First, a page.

‘Rabbinising’ in sixteenth-century polemics



Rabbis, Christian Hebraica, Sixteenth century, Martin Luther


‘Rabbi’ is the title of Jewish scholars and teachers. Yet, in the sixteenth century, the word was sometimes employed in Christian discourse, when Christian scholars referred to their Christian peers as rabbis. How could non-Jews be called rabbis? This article explores the meaning of the term ‘rabbi’ in sixteenth-century intra-Christian polemics and discourse. It shows how the image of the ‘rabbi’, a figure of (negative) intellectual authority, penetrated the speech of Christian intellectuals and polemicists. It suggests that this ‘rabbinic’ figure was not necessarily Jewish. Although ‘rabbi’ is a Jewish term – the incarnation of Jewish intellectual life – the term also denotes Jesus as well as his opponents, the Pharisees. Thus, polemical ‘rabbinising’ of Christian scholars potentially involved very different images of scholarly authority.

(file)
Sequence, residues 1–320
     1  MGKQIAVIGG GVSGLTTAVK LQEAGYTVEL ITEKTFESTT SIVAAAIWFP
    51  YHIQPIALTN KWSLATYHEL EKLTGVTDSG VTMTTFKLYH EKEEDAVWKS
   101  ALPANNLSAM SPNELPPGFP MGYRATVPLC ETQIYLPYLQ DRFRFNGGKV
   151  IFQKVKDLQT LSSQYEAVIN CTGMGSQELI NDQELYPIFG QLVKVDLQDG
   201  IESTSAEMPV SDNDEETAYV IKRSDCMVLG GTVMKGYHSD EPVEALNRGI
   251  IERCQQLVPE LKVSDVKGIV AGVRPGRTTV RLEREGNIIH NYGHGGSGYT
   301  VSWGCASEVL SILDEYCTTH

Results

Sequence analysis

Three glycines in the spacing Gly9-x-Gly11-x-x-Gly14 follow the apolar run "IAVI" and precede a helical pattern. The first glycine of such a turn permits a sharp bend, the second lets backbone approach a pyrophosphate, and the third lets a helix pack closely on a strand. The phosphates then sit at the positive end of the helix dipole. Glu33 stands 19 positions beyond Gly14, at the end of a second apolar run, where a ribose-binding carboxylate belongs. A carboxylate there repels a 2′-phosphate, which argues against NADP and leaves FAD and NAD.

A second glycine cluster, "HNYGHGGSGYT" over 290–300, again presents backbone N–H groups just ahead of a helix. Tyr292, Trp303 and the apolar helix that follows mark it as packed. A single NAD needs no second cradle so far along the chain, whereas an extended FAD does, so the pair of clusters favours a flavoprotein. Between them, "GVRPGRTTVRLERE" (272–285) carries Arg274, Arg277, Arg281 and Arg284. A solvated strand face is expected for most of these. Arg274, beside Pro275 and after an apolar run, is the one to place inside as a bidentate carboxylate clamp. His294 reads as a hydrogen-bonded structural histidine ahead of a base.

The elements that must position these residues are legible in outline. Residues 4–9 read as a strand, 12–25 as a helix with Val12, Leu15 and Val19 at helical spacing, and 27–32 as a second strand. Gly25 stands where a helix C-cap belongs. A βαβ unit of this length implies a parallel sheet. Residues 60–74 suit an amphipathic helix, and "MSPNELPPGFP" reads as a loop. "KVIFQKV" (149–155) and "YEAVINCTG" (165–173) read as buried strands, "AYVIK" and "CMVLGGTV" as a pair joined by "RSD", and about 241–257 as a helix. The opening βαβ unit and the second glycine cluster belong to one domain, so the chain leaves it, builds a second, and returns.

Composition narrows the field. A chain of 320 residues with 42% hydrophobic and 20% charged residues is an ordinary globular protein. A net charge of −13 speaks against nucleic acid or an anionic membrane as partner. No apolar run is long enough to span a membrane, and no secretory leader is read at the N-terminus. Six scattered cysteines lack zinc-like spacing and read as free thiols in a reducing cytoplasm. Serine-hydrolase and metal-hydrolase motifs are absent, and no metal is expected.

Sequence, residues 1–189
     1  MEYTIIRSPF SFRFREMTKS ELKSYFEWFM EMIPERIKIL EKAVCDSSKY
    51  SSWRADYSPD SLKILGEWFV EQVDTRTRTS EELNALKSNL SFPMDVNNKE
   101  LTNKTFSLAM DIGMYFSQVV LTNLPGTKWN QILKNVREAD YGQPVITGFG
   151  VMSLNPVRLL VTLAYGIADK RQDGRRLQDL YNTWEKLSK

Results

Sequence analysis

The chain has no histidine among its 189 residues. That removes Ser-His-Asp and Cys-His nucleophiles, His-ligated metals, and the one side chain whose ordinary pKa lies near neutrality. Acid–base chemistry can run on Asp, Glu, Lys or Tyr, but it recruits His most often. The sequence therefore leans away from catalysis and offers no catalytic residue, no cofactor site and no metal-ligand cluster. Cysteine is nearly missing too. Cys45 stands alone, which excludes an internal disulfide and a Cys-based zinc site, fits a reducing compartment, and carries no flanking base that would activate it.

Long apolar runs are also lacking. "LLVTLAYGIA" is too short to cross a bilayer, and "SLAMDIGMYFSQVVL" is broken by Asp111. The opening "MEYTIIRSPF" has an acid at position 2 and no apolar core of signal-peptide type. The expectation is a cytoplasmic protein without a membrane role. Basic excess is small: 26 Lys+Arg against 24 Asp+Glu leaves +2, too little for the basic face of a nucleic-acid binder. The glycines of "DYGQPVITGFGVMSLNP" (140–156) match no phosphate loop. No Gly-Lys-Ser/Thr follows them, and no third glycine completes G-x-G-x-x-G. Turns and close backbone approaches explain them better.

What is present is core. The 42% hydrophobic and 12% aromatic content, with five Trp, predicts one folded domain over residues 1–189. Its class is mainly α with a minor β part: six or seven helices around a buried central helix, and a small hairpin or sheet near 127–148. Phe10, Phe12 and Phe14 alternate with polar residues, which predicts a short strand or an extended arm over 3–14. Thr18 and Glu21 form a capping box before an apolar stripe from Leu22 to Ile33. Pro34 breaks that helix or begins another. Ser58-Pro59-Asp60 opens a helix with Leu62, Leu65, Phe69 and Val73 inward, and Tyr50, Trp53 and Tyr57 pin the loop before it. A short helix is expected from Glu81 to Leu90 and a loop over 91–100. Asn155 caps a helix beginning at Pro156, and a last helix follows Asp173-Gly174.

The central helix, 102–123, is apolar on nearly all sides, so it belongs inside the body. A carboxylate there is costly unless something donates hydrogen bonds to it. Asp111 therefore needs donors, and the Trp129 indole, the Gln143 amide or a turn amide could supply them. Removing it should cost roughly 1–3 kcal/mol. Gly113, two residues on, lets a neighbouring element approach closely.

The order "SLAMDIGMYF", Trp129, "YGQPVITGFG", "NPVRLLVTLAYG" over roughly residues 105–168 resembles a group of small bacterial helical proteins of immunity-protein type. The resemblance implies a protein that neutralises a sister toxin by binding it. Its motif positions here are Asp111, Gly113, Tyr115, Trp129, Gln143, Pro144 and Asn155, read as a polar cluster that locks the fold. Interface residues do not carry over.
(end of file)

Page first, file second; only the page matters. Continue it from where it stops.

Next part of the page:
How to Cite

Shamir, A. (2022). ‘Rabbinising’ in sixteenth-century polemics. Nordisk judaistik/Scandinavian Jewish Studies, 33(1), 3–18. https://doi.org/10.30752/nj.111014